Nan-Nan and Pop-Pop’s

This movie.

I hated it. I hated everything about it. And let me preface this with a reminder. If I don’t like movies, I usually don’t write about them. But I hated this movie so much, I feel like the world needs to know.

My eyes!

I can’t stand horror. Well, JJ, why did you go see a horror movie if you don’t like the horror genre? I’ll tell you why. First of all, I work in a movie theater, so I knew the general layout of the movie. I saw Kathryn Hahn (who is good in everything I’ve seen her in), and I also saw that the entire movie was a girl recording for a documentary about the trip to her grandparents’. Sort of like the way “Project Almanac” (2015) was filmed, except it looked 10 times better (cause “Project Almanac” was pretty sad). Lastly, I knew the general story: Kids go and visit their grandparents, whom they’ve never met, and stay for a week. They don’t know anything except a mysterious feud between their grandparents and their mom. Which turns out to be terribly disappointing. But pray, read on for the spoilers.

“The Visit” was directed by M. Night Shyamalan, who also directed “The Village” (2004), Unbreakable (2000), and “The Sixth Sense” (1999). So this guy had some pretty impressive credibility. And with the way it was filmed (a girl getting footage for her documentary), I can say I was genuinely interested.

Now for your spoilers.

Let’s start with WHO SENDS THEIR PRECIOUS CHILDREN TO YOUR PARENTS’ HOUSE WHEN YOU HAVEN’T TALKED TO THEM IN 15 YEARS. Who gets messaged by their long-forgotten parents about wanting to meet their grandkids, and then consequently sends them off BY THEMSELVES just because the kids said they want to go. I was wanting a realistic mother. But I promise–that’s not my main issue.

The movie progresses as the grandparents are standoffish and mysterious. Both Nan-Nan and Pop-Pop have some mental disorders, memory loss, etc…I mean they’re old; you’d expect that. Don’t go out of your room after 9:30pm, since Nan-Nan turns into a wild animal (literally). Don’t go into the shed, because Pop-pop hides all his bloody diapers there. And DON’T go into the basement, since there are two dead bodies.


I’m getting ahead of myself.

I think the main problem with the movie is this: The whole time, we are anxiously waiting for the story of why Mom hasn’t talked to her parents in 15 years. We desperately want the story, since she tells us in the beginning “It ended very badly.” So as we watch the grandparents interact with Becca and Tyler, we’re listening for clues in dialogue. Becca, (the one filming for the documentary), sits down and interviews both of them. And both of them go pretty insane when she mentions her Mom. Subsequently, you would think that’s another foreshadowing to the tragic story, right? Wrong.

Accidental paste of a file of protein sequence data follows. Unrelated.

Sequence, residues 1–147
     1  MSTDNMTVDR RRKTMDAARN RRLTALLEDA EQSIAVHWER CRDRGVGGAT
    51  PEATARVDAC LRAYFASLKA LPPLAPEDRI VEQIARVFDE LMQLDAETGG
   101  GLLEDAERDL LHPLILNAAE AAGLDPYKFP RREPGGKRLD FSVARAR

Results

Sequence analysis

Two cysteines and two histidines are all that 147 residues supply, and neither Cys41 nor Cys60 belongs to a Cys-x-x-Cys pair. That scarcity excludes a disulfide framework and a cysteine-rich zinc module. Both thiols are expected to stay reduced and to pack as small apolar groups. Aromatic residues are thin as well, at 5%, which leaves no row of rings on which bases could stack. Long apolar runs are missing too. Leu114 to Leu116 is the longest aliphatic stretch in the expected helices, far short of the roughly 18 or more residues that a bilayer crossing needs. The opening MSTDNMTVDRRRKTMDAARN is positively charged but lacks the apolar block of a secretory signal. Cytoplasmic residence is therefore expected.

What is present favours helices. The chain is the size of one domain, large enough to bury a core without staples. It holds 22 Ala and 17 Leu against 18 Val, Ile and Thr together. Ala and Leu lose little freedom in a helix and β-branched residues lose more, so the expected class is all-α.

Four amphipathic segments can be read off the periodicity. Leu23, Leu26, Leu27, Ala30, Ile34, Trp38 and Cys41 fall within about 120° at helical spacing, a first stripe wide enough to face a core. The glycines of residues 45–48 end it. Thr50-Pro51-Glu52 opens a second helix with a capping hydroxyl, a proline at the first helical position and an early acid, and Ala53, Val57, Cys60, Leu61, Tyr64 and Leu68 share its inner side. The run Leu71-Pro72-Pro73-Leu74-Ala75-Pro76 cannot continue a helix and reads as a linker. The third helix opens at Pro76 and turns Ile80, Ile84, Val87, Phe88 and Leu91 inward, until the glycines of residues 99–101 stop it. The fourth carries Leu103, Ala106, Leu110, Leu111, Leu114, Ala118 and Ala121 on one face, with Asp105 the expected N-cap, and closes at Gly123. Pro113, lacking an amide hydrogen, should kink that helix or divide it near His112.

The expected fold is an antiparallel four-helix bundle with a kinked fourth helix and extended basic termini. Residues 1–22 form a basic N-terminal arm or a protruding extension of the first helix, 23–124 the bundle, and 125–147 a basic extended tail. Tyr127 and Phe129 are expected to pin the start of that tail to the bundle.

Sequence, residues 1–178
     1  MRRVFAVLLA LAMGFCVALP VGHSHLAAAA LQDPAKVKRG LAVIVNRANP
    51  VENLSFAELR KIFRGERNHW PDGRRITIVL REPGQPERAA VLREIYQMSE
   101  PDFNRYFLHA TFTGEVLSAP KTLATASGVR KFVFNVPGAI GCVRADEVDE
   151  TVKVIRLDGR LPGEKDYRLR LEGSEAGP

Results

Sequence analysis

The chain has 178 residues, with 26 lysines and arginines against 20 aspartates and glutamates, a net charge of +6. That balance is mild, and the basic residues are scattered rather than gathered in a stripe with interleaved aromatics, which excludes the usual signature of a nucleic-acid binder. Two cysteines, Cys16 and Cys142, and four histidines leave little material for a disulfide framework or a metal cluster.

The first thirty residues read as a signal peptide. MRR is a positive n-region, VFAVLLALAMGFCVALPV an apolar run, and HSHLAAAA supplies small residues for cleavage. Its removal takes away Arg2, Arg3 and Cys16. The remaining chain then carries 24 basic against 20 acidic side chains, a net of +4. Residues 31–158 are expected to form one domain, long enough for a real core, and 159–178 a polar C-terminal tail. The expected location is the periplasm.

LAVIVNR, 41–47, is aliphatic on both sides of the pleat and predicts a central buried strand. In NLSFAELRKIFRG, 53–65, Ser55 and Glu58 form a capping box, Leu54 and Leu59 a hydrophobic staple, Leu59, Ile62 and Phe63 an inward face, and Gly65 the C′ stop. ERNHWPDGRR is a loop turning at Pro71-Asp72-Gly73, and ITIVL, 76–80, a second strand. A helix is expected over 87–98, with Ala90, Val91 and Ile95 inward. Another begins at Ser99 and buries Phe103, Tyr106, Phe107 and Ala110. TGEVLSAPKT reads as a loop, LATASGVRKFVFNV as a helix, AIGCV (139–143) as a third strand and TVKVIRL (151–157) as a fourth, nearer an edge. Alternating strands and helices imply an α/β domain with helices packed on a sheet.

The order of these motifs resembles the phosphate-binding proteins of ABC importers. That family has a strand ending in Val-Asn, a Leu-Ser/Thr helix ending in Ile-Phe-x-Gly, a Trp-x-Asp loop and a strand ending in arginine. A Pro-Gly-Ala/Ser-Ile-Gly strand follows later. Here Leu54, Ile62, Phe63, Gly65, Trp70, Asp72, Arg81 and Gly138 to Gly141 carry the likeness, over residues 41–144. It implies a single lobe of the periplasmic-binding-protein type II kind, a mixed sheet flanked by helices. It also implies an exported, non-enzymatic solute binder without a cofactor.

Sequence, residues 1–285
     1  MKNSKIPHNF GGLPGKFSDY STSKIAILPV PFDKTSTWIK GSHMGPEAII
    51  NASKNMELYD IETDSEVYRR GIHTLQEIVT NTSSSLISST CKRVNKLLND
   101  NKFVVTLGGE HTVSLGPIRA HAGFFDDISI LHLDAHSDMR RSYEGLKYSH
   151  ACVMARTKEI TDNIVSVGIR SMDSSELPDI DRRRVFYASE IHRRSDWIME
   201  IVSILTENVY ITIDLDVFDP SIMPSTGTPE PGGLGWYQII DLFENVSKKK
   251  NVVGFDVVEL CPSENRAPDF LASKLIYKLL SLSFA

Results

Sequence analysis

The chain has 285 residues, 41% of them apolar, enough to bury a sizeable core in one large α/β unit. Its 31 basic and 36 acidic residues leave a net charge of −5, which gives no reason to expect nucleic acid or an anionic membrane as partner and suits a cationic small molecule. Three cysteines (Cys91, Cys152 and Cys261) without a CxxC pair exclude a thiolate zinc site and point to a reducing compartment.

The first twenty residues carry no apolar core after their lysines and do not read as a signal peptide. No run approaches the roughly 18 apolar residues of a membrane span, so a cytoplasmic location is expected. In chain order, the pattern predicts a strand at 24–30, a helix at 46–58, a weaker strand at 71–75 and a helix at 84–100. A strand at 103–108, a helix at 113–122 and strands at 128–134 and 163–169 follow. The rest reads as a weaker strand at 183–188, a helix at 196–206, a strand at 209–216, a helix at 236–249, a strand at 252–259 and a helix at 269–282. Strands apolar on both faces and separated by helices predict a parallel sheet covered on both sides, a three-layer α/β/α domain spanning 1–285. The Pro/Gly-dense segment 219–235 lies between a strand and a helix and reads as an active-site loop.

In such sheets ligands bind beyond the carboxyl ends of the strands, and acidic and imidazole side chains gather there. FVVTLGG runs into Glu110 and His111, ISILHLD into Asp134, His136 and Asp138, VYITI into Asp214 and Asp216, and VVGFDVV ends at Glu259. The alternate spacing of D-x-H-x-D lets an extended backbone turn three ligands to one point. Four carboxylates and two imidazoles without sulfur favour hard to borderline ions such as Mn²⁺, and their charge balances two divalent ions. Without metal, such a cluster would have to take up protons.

In the end, these people aren’t even their grandparents. The real grandparents are dead in the basement, and these people are actually just creepy, suicidal, mentally insane child abductors. Becca should have realized that the first time Nan-Nan pushed her into the oven. But, oh, kids these days.

So all of these connections we’ve made with the grandparents–the satisfaction of piecing this mysterious story together–doesn’t mean anything at the very end. They’re frauds. Pop-Pop forgetting Mom’s name wasn’t a sign of age, it was a sign that oh maybe he’s not the real grandpa. I felt quite gypped, needless to say. Disappointed. I worked the entire movie to try and figure this story out along with Becca and Tyler and it all went to waste. And all of the little things the grandparents said and did that made sense, didn’t make sense anymore since they aren’t the real grandparents. You following me?


What’s even worse is the end, once the police come and the kids get rescued, etc, etc. The mom (Kathryn Hahn) finally tells Becca in an interview what happened when she left home and why she didn’t talk to her parents for 15 years. It ends with Mom hugging Becca, crying, and saying how much she loves her. That scene meant absolutely nothing to me. Mom comes out with the story we all wanted to hear, but its completely irrelevant now since the grandparents turned out to be sick fakes. I walked out feeling empty, let down, and also very skittish (Since I had just watched a grandma attack a girl like a wild animal, a grandpa almost rape a 13 year old boy, and a random woman hanging herself in the front yard. The art of horror filmmaking).

crazy grandma
Yeah Becca keep the camera rolling while you’re locked in a room with your crazy grandma!

One more let-down for me, (at least the last one I shall bore you with): the comic relief in this movie came from 13-year-old Tyler’s talent in freestyle rap. Cute, and not bad. Also, Becca has a self-esteem issue in the movie and “doesn’t brush her hair facing the mirror”. I guess it was supposed to bring out sympathy for the poor, pretty documentary maker. The credit scene at the end has Becca brushing her hair facing the mirror, and Tyler rapping about going to his grandparents’ house. These kids just went through a tramatic, dangerous experience. They were screaming and they were scared. Their lives were threatened out in the middle of nowhere and for the last 3 days they were uncomfortable and terrified. And Shyamalan ends the movie with that??????


Story-wise I guess it was good. The concept and story of long-lost, mysterious but dangerous, grandparents keeping their grandkids. That’s intriguing, I suppose. And the horror aspect was spot on–I fell asleep with the lamp on that night. But the way this story was implemented…Shyamalan, you disappoint me, sir. Make me a sequel to “The Village” please.


Jael Cordova


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